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Encyclopaedia Judaica

Jews in Linz

Middle Ages with synagogue - expulsion of 1421 - partial readmittance in 1494 - new restrictions at the end of 17th century - open markets since 1783 - cultural life since 1824 - emigration movement 1923-1938 - order for Vienna for 65 Jews - new Jewish community since 1945

from: Linz; In: Encyclopaedia Judaica 1971, vol. 11

presented by Michael Palomino (2007)

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capital of Upper Austria.

[Middle Ages: synagogue - rumors - expulsion in 1421 - synagogue turned into a church in 1426]

 Jewish moneylenders are recorded in Linz in 1304; a Jewish settlement in the growing market town is probably a century oder.

In 1335 a synagogue is mentioned; two Jews were baptized a year earlier. Jews were accused of desecrating the *Host in 1338. Although the community was not harmed during the *Black Death persecutions of 1348, a local persecution occurred in 1371. In 1396 Duke Albert IV permitted Jews to conduct only fiscal transactions with the burghers; the decree was renewed in 1412. The Jews were expelled from Linz in 1421, and in 1426 the synagogue was turned into a (col. 261)


[Partial readmittance in 1494 - fairs forbidden at the end of 17th century - open markets for Jews since 1783 - cultural life since 1824]

Jews were permitted to attend the biannual markets in the town  in 1494, and Jewish horse dealers and feather and wool merchants, mainly from Moravia, continued to trade at the fairs until their entry was forbidden at the end of the 17th century. Only in 1783 were the markets officially declared open and in 1824 the Jews opened their own prayer room.

A cemetery was consecrated in 1863, when the modern community was established. In 1869 there were 391 Jews (1.3% of the total population) and 533 in 1880. A new synagogue was opened in 1877 by Rabbi Adolf *Kurrein (1876-82), publicist and author. His son, Rabbi Viktor Kurrein (1923-38), wrote the history of the community.

[Sinking numbers of Jews from 1923 to 1938 from 1,238 to 65 - massive emigration movement]

In 1923 there were 1,238 Jews in Linz,

671 in 1934 (0.6%),

and in 1938, before the Anschluss [[annexation by German NS troops]] 650.

[[Now, since spring 1938, the Nazi government in Vienna organized emigration of many Jews together with the racist anti-Muslim Zionist organizations. Other Jews fled  for example to Italy or to Switzerland. So, only 65 Jews remained by November 1938]].

On Nov. 10, 1938, the synagogue was burned down by the S.S.; the 65remaining Jews were arrested and ordered to leave within three days for Vienna. The Nazis claimed that the Jews must leave the town because it was the capital of the province of Hitler's birth. Jewish shops were not looted because they had already been "Aryanized".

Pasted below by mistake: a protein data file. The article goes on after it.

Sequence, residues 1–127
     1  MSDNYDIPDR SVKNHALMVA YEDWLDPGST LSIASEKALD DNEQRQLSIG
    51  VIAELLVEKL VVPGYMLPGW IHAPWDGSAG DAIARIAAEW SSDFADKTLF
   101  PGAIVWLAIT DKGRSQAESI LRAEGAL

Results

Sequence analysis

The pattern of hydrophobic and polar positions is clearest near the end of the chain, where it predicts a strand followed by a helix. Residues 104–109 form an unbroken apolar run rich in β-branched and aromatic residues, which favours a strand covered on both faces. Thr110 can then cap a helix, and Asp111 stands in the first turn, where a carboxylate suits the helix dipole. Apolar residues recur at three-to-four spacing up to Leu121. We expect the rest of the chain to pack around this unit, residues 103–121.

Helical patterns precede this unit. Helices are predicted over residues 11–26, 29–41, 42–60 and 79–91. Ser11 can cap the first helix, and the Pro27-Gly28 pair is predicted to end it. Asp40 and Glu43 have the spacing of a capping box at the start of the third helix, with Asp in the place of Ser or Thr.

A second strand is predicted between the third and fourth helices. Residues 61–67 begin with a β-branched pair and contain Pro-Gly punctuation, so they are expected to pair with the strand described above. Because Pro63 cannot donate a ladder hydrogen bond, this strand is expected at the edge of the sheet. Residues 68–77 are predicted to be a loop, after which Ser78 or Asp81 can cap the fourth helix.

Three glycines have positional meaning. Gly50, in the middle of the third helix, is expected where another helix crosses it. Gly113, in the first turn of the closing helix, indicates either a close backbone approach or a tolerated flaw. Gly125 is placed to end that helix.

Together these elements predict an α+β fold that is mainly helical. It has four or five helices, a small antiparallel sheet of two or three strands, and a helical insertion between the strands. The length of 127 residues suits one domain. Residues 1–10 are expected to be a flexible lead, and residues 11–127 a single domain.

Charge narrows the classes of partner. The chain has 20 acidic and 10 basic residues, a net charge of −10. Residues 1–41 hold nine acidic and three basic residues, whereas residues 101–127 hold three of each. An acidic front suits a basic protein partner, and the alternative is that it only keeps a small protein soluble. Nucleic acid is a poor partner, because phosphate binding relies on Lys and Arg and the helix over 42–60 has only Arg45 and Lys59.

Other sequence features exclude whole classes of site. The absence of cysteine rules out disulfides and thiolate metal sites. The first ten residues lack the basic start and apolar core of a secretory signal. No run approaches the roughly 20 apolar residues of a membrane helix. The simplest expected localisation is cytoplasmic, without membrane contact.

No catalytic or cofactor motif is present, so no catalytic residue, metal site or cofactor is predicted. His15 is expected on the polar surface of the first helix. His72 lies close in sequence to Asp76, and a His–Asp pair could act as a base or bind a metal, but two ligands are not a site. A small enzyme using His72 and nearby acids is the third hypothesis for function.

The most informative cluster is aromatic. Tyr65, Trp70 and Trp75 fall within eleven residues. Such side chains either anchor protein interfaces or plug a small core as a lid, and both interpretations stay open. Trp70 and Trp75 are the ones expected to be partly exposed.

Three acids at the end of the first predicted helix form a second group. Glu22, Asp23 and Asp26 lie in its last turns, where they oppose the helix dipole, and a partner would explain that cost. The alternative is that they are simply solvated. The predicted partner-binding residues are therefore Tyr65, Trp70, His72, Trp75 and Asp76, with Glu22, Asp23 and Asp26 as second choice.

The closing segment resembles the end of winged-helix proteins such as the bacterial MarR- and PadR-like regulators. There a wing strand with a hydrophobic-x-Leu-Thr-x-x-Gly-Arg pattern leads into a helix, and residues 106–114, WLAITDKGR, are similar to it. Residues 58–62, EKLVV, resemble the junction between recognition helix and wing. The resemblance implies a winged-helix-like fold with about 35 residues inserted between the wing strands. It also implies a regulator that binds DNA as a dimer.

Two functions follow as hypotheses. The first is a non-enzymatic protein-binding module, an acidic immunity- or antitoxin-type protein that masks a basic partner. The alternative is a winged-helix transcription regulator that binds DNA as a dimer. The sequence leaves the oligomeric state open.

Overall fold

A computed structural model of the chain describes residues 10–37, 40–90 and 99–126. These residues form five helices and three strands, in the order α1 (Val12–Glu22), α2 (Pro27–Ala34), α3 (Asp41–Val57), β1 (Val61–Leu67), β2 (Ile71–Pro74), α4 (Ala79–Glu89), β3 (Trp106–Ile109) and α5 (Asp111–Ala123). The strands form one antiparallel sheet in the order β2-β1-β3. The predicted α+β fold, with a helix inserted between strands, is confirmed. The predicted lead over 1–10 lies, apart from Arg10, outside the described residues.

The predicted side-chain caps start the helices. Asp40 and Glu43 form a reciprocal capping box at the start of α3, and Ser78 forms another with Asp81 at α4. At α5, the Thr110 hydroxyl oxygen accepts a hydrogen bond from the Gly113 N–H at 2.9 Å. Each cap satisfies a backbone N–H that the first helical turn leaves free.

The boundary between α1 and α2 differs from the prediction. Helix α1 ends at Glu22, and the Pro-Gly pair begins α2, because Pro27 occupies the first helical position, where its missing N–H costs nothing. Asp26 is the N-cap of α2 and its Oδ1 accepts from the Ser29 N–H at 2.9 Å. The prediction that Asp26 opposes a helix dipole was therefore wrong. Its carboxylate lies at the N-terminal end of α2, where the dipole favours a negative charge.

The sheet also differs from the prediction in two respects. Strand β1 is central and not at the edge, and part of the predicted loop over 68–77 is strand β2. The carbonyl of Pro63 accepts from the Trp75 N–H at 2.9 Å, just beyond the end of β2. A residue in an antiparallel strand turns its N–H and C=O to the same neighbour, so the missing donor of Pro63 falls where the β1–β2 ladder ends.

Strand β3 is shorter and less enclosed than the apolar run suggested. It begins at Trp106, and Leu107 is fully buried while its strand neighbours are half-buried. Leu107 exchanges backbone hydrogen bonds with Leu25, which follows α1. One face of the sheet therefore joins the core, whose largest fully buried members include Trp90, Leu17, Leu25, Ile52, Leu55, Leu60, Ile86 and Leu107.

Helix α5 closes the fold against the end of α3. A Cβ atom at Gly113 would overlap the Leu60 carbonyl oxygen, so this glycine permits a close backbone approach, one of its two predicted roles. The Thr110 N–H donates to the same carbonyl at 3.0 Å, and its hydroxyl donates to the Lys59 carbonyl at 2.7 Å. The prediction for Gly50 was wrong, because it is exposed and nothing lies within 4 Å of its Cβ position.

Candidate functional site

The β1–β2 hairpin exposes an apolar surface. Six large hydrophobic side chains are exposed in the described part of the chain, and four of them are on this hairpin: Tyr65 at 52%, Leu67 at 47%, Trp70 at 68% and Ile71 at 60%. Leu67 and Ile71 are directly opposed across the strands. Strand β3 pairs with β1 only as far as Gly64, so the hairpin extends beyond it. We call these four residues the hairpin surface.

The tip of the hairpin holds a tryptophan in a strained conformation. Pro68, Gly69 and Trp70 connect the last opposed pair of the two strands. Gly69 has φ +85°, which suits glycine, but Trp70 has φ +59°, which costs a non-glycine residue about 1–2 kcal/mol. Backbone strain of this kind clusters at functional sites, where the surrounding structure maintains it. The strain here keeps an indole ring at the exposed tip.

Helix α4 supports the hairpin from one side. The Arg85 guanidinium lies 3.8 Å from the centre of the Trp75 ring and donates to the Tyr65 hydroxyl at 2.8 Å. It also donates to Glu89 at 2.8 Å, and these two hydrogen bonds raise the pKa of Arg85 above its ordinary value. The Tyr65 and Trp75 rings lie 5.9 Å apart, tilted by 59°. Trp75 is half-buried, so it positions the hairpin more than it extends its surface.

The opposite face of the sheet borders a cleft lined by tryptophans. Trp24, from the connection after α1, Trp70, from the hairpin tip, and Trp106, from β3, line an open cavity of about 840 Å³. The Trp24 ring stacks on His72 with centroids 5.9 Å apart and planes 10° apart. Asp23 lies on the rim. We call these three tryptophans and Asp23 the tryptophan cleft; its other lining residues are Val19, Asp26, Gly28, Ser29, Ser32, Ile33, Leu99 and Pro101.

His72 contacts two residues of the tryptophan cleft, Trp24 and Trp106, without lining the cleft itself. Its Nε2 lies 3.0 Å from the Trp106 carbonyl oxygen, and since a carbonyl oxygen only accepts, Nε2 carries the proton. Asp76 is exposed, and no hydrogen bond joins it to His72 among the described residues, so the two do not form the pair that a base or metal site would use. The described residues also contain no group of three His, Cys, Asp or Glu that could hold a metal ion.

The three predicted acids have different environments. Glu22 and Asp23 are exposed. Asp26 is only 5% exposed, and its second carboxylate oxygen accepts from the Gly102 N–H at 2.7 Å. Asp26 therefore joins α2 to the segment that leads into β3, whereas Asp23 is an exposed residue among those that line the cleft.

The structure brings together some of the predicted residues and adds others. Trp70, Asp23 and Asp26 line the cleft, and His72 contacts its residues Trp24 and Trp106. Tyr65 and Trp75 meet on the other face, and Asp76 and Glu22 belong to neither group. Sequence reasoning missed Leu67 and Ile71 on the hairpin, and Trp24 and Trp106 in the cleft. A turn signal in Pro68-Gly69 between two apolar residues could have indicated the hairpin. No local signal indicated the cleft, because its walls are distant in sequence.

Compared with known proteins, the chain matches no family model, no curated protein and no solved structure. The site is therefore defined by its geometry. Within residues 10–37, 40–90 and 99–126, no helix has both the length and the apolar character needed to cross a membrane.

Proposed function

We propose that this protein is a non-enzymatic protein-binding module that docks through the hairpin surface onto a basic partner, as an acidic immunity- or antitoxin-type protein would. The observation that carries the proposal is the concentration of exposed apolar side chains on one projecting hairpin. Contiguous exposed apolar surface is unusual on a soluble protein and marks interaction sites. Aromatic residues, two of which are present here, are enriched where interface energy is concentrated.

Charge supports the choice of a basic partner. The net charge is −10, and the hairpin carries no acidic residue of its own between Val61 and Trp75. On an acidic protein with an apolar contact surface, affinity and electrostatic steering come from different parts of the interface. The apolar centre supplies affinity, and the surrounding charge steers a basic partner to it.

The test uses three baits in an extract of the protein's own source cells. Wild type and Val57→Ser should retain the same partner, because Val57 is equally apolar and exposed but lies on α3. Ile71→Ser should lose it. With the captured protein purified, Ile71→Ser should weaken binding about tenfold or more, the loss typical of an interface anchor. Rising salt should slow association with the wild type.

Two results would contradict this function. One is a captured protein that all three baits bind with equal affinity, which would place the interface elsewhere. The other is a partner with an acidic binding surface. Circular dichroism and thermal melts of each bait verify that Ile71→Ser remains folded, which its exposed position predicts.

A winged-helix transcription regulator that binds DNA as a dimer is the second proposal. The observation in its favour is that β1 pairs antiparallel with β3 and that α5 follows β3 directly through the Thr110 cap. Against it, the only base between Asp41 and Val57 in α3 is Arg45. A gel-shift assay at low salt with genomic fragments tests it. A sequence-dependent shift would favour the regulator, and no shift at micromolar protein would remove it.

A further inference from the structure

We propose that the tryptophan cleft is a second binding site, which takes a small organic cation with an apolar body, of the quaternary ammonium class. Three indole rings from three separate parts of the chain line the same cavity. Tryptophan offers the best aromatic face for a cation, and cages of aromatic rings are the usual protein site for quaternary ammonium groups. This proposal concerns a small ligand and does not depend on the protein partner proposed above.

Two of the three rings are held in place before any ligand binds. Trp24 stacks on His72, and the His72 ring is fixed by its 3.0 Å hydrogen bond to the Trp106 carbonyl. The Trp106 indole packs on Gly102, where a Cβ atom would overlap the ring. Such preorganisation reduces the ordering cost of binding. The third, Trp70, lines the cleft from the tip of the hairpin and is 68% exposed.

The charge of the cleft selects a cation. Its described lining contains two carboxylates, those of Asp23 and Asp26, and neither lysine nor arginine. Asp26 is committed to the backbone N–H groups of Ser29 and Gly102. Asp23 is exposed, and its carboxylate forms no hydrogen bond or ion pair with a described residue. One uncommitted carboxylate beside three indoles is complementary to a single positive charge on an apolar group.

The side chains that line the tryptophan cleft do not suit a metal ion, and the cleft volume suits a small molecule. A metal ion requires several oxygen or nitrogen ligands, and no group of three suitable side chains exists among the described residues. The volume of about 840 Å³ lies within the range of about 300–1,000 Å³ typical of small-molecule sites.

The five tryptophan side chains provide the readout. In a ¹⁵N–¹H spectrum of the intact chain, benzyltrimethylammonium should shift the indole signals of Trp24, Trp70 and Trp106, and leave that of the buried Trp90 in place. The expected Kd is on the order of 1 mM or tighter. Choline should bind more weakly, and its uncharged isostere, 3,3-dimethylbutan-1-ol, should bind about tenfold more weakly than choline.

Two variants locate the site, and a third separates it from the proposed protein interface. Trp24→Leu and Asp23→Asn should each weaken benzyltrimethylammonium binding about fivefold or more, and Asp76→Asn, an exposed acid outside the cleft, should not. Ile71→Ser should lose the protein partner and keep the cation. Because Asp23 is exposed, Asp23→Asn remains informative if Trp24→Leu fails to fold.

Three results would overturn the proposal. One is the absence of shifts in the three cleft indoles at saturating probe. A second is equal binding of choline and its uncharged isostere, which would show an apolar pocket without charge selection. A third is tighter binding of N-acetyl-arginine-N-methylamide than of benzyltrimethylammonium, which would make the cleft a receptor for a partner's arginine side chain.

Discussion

[1945-1970: New Jewish community]

Shortly after the end of the war, 2,400 Jewish refugees were housed in the nearby Bindermichen camp. A new community was reorganized, which numbered 238 in 1949 and 145 in 1961. In October 1957, an anti-Semitic demonstration was sparked off by a performance of "The Diary of Anne Frank". Protests against a ban on sheḥitah [[Jewish method of slaughtering]] were lodged in 1958. A new synagogue was consecrated in 1968.


-- commemorative publication for inauguration of the new synagogue in Linz (orig. German: Festschrift anlaesslich der Einweihung des neu erbauten Bethauses in Linz)  (1968)
-- V. Kurrein: The Jews in Linz (orig. German: Die Juden in Linz) (1927)
-- idem, in: Menorah (1927), 309-44;
-- idem, in: JGGJC, 2 (1930), 497-500; 4 (1932), 481-4
-- idem, in: Jewish Archives (orig. German: Juedisches Archiv), 1 no. 5-6 (1928), 3-7
-- Germ Jud, 2 (1968), 490-1
-- L. Moses: The Jews in Lower Austria (orig. German: Die Juden in Niederoesterreich) (1935), 185-6, no. 274, 279
-- H.H. Rosenkranz: Crystal Night of November 9, 1938 in Austria (orig. German: Reichskristallnacht - 9. November 1938 in Österreich) (1968), 51;
-- PK Germanyah.

[H.W.]> (col. 262)

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Encyclopaedia Judaica 1971: Jews in
                            Linz, vol. 11, col. 261-262
Encyclopaedia Judaica 1971: Jews in Linz, vol. 11, col. 261-262

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